As the UK continues to struggle with their laws and the impact on free speech
via social media, its citizens are receiving mixed messages from government officials. We've got competing ideas going on here
, with one side advising citizens to give social media sites false information and the other suggesting that citizens should be encouraged to do the exact opposite.
Andy Smith, an internet security chief at the Cabinet Office, said people should only give accurate details to trusted sites such as government ones. "When you put information on the internet do not use your real name, your real date of birth," he told a Parliament and the Internet Conference in Portcullis House, Westminster. "When you are putting information on social networking sites don't put real combinations of information, because it can be used against you."
It apparently didn't occur to Smith that internet users might also be afraid of their own governments, but it would't seem to be a controversial opinion that citizens using government sites should probably be giving accurate information. His remarks were focused on what he called "trustworthy" sites versus those users were unsure of, which makes the idea rather benign. Despite social media sites and other sites, like YouTube
, encouraging the use of accurate user information, one would think that inputting a fake name or fake birthday would't have much of an impact overall. In addition to perhaps providing some low-level defense against fraudsters, as is Smith's focus, anonymity is an important component of free speech.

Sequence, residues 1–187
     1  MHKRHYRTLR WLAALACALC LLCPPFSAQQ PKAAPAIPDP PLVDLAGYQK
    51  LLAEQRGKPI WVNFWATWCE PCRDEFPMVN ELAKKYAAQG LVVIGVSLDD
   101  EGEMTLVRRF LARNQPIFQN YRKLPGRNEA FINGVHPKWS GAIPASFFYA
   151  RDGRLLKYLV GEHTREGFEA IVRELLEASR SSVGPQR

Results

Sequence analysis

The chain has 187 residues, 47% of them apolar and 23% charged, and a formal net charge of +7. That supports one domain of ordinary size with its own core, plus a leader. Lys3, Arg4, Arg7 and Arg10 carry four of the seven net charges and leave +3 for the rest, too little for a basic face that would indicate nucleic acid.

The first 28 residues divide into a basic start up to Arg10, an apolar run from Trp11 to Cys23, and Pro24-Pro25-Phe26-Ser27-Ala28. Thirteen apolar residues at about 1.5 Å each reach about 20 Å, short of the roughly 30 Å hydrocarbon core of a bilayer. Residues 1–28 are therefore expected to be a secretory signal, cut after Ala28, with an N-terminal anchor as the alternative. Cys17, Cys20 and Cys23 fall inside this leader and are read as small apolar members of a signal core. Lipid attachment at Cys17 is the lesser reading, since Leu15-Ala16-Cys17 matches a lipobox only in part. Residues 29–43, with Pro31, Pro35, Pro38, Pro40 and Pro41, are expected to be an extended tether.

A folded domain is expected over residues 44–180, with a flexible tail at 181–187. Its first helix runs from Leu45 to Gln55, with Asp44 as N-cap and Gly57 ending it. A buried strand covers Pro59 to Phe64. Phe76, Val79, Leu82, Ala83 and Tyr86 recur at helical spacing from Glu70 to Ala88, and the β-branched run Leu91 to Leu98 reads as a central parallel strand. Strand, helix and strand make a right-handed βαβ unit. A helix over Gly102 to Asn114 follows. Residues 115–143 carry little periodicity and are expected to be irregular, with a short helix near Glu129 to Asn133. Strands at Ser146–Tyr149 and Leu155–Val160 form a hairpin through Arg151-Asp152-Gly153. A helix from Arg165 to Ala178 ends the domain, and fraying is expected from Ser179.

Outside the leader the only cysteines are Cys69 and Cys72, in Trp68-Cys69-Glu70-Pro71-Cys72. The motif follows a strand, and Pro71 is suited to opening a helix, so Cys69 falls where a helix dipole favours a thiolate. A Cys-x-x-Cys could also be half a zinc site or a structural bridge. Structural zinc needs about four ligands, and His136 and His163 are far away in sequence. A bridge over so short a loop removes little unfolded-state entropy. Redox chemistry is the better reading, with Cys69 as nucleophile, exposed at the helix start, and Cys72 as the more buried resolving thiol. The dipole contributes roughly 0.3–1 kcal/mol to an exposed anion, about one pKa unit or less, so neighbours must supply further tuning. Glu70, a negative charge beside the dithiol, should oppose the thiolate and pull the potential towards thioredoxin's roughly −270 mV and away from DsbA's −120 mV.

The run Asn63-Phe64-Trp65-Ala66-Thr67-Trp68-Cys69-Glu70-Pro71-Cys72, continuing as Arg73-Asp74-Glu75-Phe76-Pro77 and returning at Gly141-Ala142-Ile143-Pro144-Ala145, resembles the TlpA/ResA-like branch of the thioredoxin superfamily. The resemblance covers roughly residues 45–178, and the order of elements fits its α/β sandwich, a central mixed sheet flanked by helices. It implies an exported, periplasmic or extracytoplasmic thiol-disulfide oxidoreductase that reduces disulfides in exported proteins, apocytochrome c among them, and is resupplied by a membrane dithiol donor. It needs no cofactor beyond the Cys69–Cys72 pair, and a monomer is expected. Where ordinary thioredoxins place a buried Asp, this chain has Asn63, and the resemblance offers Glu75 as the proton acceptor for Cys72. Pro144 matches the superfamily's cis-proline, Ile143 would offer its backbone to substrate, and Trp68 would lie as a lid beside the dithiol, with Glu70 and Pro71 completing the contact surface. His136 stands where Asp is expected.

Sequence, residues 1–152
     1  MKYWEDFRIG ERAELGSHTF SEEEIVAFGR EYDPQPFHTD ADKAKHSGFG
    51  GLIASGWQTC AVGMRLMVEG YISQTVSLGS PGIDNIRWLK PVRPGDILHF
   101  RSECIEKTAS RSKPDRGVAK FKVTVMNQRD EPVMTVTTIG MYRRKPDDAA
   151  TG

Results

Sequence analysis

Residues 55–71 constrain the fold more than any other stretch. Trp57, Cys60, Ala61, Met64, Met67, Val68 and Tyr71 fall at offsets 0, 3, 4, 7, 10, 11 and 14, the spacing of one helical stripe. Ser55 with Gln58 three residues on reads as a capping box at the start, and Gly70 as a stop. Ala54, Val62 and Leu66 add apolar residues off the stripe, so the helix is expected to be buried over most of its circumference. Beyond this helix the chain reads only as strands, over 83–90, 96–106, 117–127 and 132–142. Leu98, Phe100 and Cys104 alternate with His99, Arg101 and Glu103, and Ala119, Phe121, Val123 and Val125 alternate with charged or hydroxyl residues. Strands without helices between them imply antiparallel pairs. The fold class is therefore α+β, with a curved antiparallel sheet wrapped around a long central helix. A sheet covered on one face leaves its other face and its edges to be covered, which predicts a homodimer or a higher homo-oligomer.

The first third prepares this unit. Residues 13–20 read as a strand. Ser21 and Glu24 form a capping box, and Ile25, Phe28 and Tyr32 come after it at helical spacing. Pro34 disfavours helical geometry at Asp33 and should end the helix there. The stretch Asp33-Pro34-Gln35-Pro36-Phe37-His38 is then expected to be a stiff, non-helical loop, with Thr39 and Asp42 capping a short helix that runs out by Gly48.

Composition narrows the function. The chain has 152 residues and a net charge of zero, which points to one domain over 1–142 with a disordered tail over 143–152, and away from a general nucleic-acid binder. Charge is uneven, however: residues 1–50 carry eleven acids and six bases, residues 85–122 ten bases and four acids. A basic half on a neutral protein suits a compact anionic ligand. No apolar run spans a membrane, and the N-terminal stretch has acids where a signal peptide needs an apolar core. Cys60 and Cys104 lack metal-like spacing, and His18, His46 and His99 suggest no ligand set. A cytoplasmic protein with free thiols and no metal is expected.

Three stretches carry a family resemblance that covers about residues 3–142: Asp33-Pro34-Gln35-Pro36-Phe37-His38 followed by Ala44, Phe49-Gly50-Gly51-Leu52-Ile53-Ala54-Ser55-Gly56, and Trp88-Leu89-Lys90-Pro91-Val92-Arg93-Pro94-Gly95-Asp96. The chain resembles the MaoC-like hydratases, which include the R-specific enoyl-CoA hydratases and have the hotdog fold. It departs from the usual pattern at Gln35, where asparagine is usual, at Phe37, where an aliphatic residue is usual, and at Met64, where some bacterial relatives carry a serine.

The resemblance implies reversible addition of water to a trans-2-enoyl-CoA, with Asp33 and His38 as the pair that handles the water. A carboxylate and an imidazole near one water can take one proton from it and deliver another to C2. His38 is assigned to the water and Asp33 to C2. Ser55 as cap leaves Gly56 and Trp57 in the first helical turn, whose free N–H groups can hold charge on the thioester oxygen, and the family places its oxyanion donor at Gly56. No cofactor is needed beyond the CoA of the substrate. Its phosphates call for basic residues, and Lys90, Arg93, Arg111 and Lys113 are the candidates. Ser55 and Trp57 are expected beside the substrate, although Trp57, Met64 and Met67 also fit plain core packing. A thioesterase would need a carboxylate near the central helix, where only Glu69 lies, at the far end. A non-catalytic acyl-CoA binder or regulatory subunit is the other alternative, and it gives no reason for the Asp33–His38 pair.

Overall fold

Not so fast, says MP and all-around hand-wringer, Helen Goodman. That false data used to keep away the fraudsters? It's that kind of thing that promotes criminal behavior.
His advice was described by Labour MP Helen Goodman as "totally outrageous". She told BBC News: "This is the kind of behaviour that, in the end, promotes crime. It is exactly what we don't want. We want more security online. It's anonymity which facilitates cyber-bullying, the abuse of children. I was genuinely shocked that a public official could say such a thing."
That is, to put it bluntly, ridiculous. There is a rather wide swath of false or inaccurate data on social media sites. People concerned about the aforementioned fraudsters. People concerned with data mining by the sites they're visiting. Parody social media accounts. None of that "promotes crime". And, while anonymity may embolden some folks that want to engage in bullying (let's do away with the "cyber" prefix please; bullying is bullying), are any us of really ready to say that the benefits of anonymous speech, whether online or elsewhere, should be undone for the sake of a "for-the-children" argument? This is, of course, not to say that I am unsympathetic to the plight of children being bullied. But that situation is not a catch-all rebuttal against free speech.
In the end, it's important to divorce policy from arguments that are essentially an appeal to emotion. I'd probably consider the absolute need
for fake data due to fraudsters a bit on the paranoid side, but an attack on anonymity that boils down to a "for the children" quote is wholly unconvincing.